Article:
Immigrant community far from Poles apart

Multiculturalism is alive and well in Hawick despite Britain as a whole turning its back on the continent and preparing to quit the European Union.

Sunday, 11th June 2017, 11:02 am
Children at Hawick's Saturday Polish school.

It’s four years since the idea of a Saturday Polish school in the town became a reality, and it has proved a big hit.

The idea came directly from the Polish families in the Borders, mainly in Hawick and Galashiels.

Parents knew there were supplementary schools for Polish children in Edinburgh, Glasgow and elsewhere, but that was too far to travel, so they approached Beata Kohlbek, a project manager promoting languages in education, to set up a Saturday Polish school in Hawick.

Hawick High School and Scottish Borders Council helped to start up the community-run project, aimed at children aged three to 16.

And since its launch in April 2013, it has gone from strength to strength, with pupil numbers growing over the last four years from 32 to 70.

The parents and teachers involved are all Poles living in the Borders.

Dr Kohlbek believes it is a great example of how communities can unite and flourish despite cultural differences.

She also reckons it is a prime example of an immigrant population trying its best to be active within its host community and to share its culture, traditions and language.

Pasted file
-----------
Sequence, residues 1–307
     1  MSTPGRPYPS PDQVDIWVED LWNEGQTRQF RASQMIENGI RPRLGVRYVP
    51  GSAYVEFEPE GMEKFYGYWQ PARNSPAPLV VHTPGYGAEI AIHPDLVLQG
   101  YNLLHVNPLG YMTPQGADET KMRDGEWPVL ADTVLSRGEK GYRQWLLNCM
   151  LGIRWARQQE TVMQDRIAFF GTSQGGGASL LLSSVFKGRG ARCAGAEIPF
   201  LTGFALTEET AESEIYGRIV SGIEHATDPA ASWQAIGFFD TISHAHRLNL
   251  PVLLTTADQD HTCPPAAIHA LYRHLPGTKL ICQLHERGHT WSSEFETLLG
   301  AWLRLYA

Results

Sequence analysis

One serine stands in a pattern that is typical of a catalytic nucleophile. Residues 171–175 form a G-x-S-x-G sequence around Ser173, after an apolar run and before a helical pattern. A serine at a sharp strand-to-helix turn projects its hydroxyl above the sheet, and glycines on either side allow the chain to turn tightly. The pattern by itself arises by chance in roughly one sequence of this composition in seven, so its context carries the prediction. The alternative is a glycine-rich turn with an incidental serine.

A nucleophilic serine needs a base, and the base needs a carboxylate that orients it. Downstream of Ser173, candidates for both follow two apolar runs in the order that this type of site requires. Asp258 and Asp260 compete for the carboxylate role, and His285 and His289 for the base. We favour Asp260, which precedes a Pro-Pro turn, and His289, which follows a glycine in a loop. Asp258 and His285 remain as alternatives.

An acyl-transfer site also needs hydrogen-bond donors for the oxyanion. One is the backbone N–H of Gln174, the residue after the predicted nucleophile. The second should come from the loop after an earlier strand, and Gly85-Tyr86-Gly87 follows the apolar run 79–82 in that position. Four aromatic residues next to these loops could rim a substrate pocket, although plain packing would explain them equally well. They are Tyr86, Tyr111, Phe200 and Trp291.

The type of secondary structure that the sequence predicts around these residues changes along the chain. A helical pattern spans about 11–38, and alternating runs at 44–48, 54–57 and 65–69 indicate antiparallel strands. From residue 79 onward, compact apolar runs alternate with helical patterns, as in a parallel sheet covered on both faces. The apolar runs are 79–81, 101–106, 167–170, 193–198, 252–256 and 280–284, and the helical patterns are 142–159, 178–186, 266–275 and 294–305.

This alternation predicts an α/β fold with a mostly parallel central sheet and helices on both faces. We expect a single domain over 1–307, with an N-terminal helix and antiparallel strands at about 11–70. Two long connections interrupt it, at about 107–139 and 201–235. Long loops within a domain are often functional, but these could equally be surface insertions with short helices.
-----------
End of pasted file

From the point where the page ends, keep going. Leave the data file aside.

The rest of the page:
Dr Kohlbek said: “The children are often born in Scotland. Some have Scottish-Polish parents, and when asked who they are, Poles or Scots, they raise both arms.

“This is a great example of a positive impact of immigration from the EU and a successful integration.

“It is important to the Poles to allow their next generation to keep in touch with their roots, and the Saturday school is doing exactly this.

“A history teacher visits the school once a month to work on Polish history, something they would not know much about from learning only in mainstream Scottish schools.

“The history of Poland is as complex as Scottish history and is vital to the feeling that Poland is worth keeping in touch with.”

The Polish School is now registered as a community interest company, with parents and teachers as directors.

The school is staging a celebration to mark the end of the academic year at Hawick High School on Saturday, June 24.

Dr Kohlbek added: “In the era of Brexit, terror attacks and a general election in the UK, the Polish community is an example of a community contributing to the culture, education and economy in Scotland.”

“We want to be part of a multicultural, open-minded society in modern Europe and do our best to work on this model.”

Earlier this month, children from the school went to Eddleston to visit and learn about the Great Polish Map of Scotland, a 1970s project inspired by Second World War general Stanisław Maczek and a group of topographers from Krakow who created a 3D outdoor map of Scotland as a thank-you to the country for hosting them after the war.